The committee having heard both parties, it finds the [respondent] had cased with a brother of the [appellant]Munduwanjau and therefore the case is res judicata.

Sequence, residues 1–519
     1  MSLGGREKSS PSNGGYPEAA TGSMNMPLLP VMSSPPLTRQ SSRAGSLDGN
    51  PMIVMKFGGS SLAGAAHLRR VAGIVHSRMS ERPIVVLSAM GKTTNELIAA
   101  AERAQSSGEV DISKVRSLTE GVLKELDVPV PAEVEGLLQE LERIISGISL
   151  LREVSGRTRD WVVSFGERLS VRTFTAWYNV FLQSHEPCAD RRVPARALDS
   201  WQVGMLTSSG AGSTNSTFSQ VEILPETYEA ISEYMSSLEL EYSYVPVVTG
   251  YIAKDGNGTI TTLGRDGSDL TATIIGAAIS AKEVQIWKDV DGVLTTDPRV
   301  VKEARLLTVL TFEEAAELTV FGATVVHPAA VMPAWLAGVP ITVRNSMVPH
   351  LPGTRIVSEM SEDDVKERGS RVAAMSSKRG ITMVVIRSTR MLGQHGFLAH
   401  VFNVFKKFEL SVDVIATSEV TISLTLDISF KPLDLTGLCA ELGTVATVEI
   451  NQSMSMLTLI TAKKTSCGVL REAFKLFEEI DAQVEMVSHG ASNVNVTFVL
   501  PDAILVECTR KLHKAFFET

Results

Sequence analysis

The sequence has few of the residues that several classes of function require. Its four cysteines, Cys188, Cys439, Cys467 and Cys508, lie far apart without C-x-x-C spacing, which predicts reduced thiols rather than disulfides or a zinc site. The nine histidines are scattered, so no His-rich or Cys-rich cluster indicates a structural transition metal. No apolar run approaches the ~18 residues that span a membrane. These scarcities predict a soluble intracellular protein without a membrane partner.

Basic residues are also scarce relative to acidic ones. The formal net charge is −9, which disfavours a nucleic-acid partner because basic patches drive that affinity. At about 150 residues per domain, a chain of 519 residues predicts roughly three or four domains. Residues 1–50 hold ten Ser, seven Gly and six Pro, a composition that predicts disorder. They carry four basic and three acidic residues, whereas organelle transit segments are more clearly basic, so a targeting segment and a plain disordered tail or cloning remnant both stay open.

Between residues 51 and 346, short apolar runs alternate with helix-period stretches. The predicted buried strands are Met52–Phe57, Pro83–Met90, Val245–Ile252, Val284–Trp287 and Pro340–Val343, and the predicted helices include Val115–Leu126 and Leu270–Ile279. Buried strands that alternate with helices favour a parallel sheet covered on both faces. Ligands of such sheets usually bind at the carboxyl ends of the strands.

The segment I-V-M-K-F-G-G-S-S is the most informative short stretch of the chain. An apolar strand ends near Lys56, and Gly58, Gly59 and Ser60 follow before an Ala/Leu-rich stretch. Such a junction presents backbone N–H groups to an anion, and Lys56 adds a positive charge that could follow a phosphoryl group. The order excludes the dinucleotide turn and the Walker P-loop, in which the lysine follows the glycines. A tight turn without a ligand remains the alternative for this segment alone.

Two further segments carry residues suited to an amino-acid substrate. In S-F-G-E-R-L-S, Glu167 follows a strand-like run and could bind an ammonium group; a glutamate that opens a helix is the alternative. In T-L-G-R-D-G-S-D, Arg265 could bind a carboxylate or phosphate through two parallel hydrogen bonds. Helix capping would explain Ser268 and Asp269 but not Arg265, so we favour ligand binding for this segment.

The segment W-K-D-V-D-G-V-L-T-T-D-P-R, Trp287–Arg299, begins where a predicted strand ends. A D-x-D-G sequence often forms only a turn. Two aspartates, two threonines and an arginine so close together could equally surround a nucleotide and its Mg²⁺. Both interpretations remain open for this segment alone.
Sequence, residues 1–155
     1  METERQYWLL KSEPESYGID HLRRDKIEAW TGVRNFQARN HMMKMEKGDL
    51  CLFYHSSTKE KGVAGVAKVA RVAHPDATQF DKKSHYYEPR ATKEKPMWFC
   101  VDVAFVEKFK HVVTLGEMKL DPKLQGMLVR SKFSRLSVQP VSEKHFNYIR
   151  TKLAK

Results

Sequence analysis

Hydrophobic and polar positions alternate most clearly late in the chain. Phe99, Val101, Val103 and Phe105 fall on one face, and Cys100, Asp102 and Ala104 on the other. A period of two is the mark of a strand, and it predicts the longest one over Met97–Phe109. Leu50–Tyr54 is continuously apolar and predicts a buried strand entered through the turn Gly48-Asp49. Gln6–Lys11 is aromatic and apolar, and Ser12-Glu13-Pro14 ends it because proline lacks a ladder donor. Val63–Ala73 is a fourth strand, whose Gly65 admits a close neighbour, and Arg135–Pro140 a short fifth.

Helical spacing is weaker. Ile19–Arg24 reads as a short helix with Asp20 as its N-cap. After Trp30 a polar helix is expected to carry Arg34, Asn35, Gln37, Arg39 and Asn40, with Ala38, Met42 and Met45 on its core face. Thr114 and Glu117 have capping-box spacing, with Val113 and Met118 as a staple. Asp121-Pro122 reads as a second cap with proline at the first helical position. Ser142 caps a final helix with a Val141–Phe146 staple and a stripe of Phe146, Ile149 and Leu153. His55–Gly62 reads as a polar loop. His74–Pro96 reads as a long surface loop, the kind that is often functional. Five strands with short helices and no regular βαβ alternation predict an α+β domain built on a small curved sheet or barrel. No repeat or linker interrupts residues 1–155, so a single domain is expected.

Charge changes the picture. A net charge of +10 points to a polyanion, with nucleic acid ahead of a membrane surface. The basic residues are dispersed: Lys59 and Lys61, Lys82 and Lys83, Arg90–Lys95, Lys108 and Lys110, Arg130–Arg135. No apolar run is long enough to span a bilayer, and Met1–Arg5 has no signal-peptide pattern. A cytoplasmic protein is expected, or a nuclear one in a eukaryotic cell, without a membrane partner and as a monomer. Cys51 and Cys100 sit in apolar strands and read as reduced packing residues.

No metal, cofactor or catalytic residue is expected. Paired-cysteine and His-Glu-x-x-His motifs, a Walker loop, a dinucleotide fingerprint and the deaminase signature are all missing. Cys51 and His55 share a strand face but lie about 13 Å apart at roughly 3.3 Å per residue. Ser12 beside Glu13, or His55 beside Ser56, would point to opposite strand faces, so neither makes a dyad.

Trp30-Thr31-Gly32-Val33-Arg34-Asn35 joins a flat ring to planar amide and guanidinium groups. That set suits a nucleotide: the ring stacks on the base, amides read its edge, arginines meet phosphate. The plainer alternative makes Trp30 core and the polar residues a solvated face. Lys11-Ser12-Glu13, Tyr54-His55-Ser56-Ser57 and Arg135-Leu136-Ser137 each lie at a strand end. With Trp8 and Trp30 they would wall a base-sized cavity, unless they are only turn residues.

The decision reached by the committee was that the respondent was to remain on the land. In my view this was a serious misdirection on the part of the committee and a complete misapplication of the provisions of the Land Adjudication Act. In the first place, there is no question of anyone bringing a land action before the committee. The functions of the committee are clearly laid down in section 20 of the Act. As far as is relevant to this case the section provides that the committee shall, “adjudicate upon and decide in accordance with recognised customary law any question referred to it by the demarcation officer or the recording officer”. If a question is referred to the committee, it has to decide thatquestion and cannot say that the matter is res judicata. The alternative is to refer the matter to the arbitration board for decision under section 21(1) of the Act if the committee is unable to reach a decision. It may be noted that, by section 21(2) of the Act, the adjudication officer may require the committee to reconsider any decision which it has made. In these circumstances I very much doubt whether the doctrine of res judicata has any application to committee proceedings under the Act. In my view on a proper application of the Land Adjudication Act in the case be fore us, there should have been a reference on a specific matter by the demarcation officer or the recording officer in respect of a well-marked or identified interest in land for its decision. The recording officer would then reflect the decision on the demarcation map accordingly.